Inside the Spice Cabinet: Cilantro

Inside the Spice Cabinet: Cilantro

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Kelli Foster
Oct 1, 2016
(Image credit: Africa Studio/Shutterstock)

It's hard to imagine a lot of Asian or Mexican dishes without a sprinkle of fresh cilantro on top, but there are many out there who hate the taste of it so much that they would never cook with it. What's up with this common yet divisive herb?

What Is Cilantro?

Taste: Sweet, sour
Most Popular Use: Salsa, meat, poultry, fish, vegetables

Cilantro is a bright green herb with soft leaves and stems from the coriander plant. In fact, left untended, cilantro eventually grows to seeds, which is where coriander seeds come from.

It has a strong, pungent herbaceous flavor, which can prove quite polarizing for some. Many people really dislike the taste of cilantro and can detect even small amounts of it in food. To them, it's bitter and soapy-tasting. Research has even suggested that the dislike of cilantro may in fact be genetic.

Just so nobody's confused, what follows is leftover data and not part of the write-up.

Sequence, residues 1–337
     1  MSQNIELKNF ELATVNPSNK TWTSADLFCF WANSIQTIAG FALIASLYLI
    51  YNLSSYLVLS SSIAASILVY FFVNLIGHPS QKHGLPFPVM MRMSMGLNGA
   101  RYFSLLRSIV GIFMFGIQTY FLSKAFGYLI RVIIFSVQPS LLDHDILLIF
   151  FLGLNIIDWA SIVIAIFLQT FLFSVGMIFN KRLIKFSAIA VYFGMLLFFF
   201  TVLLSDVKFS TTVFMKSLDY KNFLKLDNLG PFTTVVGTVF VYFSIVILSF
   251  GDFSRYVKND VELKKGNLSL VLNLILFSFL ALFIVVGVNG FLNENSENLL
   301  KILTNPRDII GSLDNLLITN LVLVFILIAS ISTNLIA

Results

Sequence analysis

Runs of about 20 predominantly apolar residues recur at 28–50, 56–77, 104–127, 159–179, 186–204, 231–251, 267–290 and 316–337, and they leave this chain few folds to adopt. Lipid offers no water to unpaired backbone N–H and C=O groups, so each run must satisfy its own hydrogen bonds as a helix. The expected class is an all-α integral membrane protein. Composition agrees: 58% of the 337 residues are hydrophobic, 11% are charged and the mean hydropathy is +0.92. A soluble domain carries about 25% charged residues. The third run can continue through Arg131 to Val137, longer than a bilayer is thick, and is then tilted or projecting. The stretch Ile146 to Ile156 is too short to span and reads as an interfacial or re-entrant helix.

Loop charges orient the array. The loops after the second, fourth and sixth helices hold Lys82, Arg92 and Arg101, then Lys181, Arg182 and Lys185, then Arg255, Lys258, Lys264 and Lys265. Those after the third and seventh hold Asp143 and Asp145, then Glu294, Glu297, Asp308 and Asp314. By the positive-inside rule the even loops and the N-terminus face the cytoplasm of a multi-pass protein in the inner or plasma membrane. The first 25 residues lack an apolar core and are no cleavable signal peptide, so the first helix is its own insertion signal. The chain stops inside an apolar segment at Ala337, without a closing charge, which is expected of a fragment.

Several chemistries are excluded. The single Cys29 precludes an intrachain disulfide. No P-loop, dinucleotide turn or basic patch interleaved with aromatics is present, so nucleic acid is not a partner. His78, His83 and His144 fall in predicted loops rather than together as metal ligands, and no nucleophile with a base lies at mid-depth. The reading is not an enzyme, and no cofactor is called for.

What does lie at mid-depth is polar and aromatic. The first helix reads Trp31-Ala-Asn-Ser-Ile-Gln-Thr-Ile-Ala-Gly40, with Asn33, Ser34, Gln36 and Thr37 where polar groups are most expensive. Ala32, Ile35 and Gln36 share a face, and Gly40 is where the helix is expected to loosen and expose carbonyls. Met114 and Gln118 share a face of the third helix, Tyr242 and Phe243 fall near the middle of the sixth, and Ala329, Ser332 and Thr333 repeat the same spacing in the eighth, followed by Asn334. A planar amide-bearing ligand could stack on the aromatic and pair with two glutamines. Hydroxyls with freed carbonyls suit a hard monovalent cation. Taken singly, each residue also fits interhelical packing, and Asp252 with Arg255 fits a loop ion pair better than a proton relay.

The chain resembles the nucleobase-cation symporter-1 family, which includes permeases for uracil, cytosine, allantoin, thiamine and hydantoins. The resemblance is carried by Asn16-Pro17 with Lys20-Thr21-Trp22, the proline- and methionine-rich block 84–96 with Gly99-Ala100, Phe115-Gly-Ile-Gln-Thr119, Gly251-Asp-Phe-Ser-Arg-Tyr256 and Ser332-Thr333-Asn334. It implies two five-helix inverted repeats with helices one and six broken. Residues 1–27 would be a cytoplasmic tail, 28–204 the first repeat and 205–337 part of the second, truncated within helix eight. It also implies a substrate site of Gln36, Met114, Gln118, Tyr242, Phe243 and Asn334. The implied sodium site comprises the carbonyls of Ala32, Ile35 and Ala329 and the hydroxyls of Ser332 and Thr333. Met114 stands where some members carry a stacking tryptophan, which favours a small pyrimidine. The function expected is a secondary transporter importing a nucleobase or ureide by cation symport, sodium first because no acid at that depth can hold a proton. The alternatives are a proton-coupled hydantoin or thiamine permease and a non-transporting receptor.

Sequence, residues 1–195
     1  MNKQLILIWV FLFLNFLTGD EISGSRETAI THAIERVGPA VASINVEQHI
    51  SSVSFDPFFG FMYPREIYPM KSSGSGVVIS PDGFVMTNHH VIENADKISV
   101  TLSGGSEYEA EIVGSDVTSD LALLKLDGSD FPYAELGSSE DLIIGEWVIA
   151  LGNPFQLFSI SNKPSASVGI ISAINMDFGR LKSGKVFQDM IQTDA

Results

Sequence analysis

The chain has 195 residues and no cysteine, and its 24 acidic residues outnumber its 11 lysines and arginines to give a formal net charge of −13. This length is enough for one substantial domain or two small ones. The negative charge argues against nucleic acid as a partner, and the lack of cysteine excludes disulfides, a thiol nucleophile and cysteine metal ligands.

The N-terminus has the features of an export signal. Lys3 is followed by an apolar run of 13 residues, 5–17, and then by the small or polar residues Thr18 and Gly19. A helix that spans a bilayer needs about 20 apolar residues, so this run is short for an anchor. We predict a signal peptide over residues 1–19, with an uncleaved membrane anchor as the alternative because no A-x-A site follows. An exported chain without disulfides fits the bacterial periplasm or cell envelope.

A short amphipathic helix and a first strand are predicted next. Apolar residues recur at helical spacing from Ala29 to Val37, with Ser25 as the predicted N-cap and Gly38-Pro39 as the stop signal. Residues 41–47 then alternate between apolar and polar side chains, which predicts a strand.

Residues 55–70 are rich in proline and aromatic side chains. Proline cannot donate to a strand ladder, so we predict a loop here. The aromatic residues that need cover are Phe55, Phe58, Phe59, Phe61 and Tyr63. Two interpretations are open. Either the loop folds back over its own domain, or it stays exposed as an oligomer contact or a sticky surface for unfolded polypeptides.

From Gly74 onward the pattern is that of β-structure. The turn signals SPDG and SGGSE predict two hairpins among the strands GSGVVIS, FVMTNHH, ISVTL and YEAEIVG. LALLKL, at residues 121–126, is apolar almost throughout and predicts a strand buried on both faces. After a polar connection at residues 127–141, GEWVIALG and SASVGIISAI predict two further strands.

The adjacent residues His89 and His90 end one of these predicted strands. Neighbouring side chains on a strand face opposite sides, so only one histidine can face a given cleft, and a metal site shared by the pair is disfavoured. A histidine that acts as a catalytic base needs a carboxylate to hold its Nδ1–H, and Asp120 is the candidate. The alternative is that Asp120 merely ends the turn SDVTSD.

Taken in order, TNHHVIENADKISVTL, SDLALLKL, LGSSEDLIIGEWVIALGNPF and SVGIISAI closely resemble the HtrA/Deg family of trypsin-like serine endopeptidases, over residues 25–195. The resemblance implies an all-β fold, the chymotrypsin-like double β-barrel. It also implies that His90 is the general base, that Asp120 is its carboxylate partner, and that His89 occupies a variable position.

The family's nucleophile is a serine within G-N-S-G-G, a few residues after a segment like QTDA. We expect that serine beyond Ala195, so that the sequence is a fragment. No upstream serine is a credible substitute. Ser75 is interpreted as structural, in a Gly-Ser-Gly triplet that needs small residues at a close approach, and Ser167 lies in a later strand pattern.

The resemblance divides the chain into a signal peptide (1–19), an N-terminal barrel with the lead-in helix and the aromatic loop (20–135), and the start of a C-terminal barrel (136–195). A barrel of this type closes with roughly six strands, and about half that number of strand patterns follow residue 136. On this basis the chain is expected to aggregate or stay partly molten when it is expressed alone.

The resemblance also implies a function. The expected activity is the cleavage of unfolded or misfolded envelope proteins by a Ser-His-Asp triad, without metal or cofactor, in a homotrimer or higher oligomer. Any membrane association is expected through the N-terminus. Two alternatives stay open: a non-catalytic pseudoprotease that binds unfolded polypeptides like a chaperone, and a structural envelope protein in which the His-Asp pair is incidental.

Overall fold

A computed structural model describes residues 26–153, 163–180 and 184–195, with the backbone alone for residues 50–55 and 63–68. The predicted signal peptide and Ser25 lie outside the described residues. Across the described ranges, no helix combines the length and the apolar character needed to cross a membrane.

When buying cilantro, look for bright color and vibrant, unwilted leaves. It's easy to confuse cilantro and flat-leaf Italian parsley. Cilantro has curlier leaves and can be more light green in color, whereas parsley has flat, dark green leaves that aren't as ruffled. If you're still not sure, give it a taste.

How To Use Cilantro

Cilantro is widely used in Asian, Latin American, and Caribbean cuisines, and can be eaten raw or cooked. And unlike other herbs like parsley which have bitter stems, you can chop up and use the stems and leaves of cilantro.

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